***** At BADER, our priority is and always will ultimately lie with our soldiers and veterans who live with musculoskeletal challenges. But we also like to hear about other ways our veterans are being served. While BADER is a national consortium of researchers and affiliates throughout the country, its home base is at the University of Delaware, in the small city of Newark (unlike the city in New Jersey, the town is pronounced “New Ark”). Delaware is tiny;  there are fewer than 1 million people in the state, which is only 96 miles long and 35 miles across at its widest point. Sometimes, Delaware is more like a big small town. People look after people and everyone seems to know everyone. Forget six degrees of separation; here, it’s more like two. So it makes sense that, in 2009, a nursing student at the University of Delaware decided to create an organization intended to look after people in Newark too sick to fully look after themselves. It was inspired by her own experience. Sarah LaFave was a freshman in high school when her mother succumbed to breast cancer. Sarah saw the toll her mother’s illness took on the family, though they had tremendous support from other family and friends, and how difficult it could be to manage even the simplest of daily tasks. So she created Lori’s Hands, a group of volunteer men and women from UD who work with patients living with cancer and chronic disease. The students visit homes, grocery shop, mow lawns and complete other tasks at the request of the people they assist. Recently, the...
Wounded warriors summit Mt. Kilimanjaro

Wounded warriors summit Mt. Kilimanjaro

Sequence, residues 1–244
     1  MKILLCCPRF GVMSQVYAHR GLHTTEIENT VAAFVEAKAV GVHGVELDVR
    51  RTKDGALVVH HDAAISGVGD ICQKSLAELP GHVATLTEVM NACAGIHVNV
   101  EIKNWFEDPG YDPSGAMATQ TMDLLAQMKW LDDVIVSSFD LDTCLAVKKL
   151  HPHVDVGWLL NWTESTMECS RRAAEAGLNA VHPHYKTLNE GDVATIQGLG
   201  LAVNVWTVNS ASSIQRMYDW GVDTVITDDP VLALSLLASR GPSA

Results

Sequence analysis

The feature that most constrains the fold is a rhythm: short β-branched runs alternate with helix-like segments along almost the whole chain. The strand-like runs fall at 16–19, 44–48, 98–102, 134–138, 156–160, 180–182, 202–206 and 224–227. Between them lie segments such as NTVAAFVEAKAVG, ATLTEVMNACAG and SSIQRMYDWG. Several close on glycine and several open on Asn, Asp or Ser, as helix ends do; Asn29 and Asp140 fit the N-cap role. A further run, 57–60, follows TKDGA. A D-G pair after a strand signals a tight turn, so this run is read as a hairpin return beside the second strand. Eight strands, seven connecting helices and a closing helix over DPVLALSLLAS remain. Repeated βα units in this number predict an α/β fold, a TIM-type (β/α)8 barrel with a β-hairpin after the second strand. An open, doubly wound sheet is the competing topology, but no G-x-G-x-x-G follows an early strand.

Last month, a group of once-and-current U.S. soldiers summited the highest point in Africa, Uhuru Peak, on Mt. Kilimanjaro. At 19,340 feet, the mountain is sometimes called the “roof of Africa.” It’s one of the world’s Seven Summits. Summiting Kilimanjaro, in and of itself, is not a terribly demanding feat, despite high altitude and low temperatures near the top. In 2012, nearly 52,000 people hiked the mountain. But what made this particular climb remarkable was who completed it. Six of the soldiers were wounded warriors, lower limb amputees. They call themselves the Kilimanjaro Warriors. They have a blog, which details their preparation and their journey, and a Facebook page, complete with updates, photos and more. A documentary of their 8-day ascent up the world’s largest free-standing mountain is in the works. Recently, ABC News covered the Kilimanjaro Warriors. That story can be found here and a gallery of their photos can be found here. The feat accomplished by these wounded warriors serves to show how much life our soldiers have left to live even in the face of limb difference. It also serves to show how important it is that we continue to conduct research and develop new and better ways to serve them well into the future. One of the climbers, Sergeant Kisha Makerney, Army National Guard, lost her leg in a motorcycle accident on break from her first tour of Iraq. She soon returned for a second tour, becoming the first female amputee to return to combat. Steve Martin served as a military policeman, spending eight years on active duty and in the national guard. In 2008, Martin’s...